Motility patterns and mate encounter rates in planktonic copepods
Limnol. Oceanogr., 50(6), 2005, 1999-2007 | DOI: 10.4319/lo.2005.50.6.1999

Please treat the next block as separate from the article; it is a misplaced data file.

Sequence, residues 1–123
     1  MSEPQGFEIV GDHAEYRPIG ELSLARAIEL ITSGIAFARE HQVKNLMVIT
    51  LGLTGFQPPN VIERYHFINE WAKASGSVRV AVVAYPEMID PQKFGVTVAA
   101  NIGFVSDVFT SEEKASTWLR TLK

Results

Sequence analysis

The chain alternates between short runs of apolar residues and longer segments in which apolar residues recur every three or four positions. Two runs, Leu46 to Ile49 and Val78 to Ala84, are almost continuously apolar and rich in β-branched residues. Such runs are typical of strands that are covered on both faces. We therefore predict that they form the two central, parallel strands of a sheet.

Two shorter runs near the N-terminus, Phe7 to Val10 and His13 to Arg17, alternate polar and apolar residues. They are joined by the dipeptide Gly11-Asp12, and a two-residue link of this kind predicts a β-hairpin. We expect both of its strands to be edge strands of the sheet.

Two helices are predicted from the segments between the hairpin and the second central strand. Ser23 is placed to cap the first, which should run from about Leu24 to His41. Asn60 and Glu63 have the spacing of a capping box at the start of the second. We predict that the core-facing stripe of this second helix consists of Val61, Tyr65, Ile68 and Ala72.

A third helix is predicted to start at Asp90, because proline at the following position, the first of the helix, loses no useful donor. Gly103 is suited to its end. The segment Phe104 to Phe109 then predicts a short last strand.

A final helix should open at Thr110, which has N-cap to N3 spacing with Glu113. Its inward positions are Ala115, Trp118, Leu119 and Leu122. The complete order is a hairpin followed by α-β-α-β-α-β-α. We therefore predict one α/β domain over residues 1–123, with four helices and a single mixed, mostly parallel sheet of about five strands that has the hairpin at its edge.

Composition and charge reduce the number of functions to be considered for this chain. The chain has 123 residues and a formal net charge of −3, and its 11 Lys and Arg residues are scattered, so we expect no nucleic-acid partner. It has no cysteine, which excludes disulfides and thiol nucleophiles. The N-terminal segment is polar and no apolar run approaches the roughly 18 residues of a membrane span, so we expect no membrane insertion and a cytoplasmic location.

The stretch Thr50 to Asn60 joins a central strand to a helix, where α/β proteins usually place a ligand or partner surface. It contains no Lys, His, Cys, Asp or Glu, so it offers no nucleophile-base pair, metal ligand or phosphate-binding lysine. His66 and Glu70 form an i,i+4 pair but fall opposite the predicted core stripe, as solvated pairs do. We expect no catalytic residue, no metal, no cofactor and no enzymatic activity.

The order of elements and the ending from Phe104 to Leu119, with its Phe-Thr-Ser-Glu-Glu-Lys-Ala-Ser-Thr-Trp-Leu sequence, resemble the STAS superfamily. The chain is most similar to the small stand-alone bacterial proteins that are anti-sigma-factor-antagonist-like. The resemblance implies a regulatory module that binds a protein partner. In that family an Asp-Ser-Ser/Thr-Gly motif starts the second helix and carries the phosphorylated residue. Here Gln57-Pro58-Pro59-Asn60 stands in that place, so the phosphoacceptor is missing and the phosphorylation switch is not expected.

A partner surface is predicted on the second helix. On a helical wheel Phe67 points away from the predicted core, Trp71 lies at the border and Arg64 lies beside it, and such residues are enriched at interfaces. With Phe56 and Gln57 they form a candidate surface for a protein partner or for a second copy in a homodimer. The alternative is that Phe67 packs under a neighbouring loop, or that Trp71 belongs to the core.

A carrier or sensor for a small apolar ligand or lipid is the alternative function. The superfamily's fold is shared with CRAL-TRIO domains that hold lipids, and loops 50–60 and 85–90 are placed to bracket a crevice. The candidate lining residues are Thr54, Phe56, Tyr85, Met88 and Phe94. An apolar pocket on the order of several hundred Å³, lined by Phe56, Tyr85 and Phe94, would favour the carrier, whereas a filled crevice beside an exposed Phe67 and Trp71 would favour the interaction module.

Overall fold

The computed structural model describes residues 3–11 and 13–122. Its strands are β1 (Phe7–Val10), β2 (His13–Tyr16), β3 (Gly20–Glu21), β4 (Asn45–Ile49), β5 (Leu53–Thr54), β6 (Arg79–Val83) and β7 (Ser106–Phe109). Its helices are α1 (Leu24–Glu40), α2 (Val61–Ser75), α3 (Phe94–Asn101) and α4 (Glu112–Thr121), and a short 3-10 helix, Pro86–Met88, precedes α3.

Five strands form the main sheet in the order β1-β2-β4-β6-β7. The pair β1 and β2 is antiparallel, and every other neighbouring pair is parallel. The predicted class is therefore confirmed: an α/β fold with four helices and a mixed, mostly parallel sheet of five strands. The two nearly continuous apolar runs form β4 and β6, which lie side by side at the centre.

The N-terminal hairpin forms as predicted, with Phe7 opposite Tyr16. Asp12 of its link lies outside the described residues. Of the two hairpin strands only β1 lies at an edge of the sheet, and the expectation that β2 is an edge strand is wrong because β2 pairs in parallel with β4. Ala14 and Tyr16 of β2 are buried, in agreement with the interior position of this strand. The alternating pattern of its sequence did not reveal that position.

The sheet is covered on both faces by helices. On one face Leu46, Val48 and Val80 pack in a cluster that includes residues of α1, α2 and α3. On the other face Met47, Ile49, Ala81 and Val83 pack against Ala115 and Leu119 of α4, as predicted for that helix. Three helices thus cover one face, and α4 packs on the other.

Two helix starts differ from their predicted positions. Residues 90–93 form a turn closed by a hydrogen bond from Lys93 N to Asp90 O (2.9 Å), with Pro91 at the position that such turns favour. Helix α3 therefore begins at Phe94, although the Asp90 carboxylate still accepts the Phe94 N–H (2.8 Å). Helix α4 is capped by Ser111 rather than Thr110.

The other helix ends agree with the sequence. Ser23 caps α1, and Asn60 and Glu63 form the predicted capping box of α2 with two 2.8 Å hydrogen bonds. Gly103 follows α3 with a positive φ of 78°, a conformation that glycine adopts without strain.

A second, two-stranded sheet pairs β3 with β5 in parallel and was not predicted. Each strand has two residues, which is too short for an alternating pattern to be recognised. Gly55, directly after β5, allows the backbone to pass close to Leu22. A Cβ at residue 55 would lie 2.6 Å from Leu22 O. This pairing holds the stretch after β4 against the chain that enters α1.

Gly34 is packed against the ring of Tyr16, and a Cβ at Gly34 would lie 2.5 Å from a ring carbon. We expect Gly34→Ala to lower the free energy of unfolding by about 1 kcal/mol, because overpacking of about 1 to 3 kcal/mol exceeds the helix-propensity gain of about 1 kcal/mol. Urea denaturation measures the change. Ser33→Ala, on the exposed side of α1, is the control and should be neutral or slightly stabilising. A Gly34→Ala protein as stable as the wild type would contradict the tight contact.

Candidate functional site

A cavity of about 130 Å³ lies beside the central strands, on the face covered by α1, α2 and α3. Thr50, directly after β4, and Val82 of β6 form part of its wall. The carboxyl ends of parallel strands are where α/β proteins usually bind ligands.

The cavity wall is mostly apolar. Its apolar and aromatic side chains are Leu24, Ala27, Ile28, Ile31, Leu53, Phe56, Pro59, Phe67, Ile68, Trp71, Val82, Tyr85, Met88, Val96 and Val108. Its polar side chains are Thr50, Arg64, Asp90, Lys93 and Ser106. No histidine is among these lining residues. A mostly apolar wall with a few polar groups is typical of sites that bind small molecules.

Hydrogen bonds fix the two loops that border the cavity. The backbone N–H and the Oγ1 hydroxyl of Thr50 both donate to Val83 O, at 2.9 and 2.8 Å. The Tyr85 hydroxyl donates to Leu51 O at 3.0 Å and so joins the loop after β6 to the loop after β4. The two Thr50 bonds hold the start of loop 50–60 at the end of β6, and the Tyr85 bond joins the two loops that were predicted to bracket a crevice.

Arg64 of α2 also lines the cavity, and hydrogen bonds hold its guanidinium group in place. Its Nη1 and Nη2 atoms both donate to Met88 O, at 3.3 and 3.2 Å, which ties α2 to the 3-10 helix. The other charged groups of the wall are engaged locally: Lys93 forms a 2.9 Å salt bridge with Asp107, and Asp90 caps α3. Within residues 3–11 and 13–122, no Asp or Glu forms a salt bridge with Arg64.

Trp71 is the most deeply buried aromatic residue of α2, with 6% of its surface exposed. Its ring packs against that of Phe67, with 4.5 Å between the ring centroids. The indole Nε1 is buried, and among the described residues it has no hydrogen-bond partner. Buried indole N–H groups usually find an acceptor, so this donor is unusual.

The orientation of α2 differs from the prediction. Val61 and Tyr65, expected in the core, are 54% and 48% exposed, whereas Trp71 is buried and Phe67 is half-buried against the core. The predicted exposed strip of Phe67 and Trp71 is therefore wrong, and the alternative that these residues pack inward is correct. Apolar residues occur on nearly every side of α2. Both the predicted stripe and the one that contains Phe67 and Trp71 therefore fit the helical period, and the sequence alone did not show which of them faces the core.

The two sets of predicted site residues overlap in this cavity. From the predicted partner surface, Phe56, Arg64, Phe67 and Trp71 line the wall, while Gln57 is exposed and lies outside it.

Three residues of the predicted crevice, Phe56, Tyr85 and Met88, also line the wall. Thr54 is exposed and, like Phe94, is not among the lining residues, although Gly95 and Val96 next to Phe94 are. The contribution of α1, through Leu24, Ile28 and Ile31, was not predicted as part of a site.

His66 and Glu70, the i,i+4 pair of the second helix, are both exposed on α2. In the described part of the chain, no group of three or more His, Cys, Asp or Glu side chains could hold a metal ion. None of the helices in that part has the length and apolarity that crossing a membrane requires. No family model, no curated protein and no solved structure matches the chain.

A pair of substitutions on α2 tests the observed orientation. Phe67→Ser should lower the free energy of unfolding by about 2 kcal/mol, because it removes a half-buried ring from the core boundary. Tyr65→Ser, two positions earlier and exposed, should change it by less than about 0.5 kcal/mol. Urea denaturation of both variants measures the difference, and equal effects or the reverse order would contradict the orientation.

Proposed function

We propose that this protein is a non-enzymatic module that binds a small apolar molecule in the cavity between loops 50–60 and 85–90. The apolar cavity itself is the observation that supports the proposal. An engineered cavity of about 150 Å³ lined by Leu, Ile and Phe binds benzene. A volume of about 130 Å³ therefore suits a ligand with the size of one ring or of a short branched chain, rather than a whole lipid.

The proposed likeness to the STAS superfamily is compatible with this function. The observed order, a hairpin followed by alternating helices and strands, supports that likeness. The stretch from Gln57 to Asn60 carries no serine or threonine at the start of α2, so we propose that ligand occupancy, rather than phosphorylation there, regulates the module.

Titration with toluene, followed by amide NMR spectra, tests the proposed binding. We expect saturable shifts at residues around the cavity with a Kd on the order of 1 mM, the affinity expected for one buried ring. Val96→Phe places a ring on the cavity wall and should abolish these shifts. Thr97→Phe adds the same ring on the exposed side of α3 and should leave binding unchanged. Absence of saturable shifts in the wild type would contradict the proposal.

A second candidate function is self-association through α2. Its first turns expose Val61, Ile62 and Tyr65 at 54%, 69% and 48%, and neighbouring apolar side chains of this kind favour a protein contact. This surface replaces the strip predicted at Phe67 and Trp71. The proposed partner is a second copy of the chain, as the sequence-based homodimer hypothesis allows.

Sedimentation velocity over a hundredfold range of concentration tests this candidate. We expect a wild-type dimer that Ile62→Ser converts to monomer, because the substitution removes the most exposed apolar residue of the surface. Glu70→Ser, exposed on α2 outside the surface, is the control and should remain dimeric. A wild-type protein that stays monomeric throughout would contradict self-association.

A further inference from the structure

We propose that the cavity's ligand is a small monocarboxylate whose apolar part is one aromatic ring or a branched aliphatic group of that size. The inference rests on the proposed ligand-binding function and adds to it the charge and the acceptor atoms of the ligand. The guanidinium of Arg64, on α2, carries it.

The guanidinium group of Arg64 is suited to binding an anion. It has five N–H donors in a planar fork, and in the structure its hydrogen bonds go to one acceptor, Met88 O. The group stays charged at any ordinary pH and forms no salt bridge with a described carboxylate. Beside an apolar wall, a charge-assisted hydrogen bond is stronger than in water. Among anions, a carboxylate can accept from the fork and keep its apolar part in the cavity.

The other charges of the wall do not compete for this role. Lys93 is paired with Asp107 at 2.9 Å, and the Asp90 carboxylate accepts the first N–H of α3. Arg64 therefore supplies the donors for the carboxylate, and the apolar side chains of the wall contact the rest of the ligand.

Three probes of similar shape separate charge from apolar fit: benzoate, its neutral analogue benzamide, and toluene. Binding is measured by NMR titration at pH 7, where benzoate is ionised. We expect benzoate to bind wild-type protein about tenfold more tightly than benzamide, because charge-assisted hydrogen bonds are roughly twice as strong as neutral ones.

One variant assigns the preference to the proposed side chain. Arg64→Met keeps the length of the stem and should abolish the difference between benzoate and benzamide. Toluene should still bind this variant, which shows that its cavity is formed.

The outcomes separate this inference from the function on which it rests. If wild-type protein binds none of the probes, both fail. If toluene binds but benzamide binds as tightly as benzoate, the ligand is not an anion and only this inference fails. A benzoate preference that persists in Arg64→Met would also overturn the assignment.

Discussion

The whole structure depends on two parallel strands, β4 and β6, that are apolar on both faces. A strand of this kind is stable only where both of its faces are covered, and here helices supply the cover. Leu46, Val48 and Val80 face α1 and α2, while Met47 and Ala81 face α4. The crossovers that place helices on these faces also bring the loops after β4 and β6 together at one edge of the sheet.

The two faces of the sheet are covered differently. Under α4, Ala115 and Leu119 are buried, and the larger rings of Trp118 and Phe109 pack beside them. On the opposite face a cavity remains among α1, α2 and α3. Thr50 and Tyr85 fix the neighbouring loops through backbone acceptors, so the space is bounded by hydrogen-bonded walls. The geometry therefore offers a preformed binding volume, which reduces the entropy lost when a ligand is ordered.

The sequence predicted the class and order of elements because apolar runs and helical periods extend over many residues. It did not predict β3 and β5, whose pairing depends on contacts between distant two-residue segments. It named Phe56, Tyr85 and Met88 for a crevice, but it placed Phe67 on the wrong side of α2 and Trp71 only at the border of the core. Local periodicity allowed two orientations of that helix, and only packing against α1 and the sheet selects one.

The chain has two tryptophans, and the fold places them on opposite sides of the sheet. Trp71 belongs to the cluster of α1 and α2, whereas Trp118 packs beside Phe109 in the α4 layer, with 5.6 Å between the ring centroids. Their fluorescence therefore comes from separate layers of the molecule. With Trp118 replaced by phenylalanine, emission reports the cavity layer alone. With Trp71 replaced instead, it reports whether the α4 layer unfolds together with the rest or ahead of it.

ABSTRACT: Mate encounter rates in pelagic copepods depend on the characteristics of the mate detection mechanism as well as on the motility patterns and concentrations of males and females. We describe male and female motility patterns in two species (Centropages typicus and Pseudocalanus elongatus) in which the females excrete male-attracting pheromones and in one species (Acartia tonsa) in which the mates are detected by hydromechanical signals. For both pheromone-producing species, male and female motilities differ strongly; males are more directionally persistent and swim as fast as or faster than the females, and only at scales exceeding several centimeters do the male motilities resemble random walk. This prevents resampling of the same volume at the scale of encounter and maximizes the rate at which males encounter female signals. In contrast, female motility patterns are more similar to random walk, even at small scales. For the species depending on hydrodynamic cues and in which detection is practically symmetrical between the mates, male and female motilities are similar and can both be described as random walk, also at small scales. We develop simple encounter models and utilize information on motility patterns and mate signaling from our own observations and the literature to estimate search volume rates for pelagic copepods ranging between 0.6-3.0 mm in length. We show that pelagic copepods are capable of searching tens to thousands of liters of ambient water for mates daily, that search capacity increases approximately with the cube of copepod length for both chemical and hydrodynamic signalers, and that these impressive mate search volume rates are sufficient to sustain populations at typical adult densities.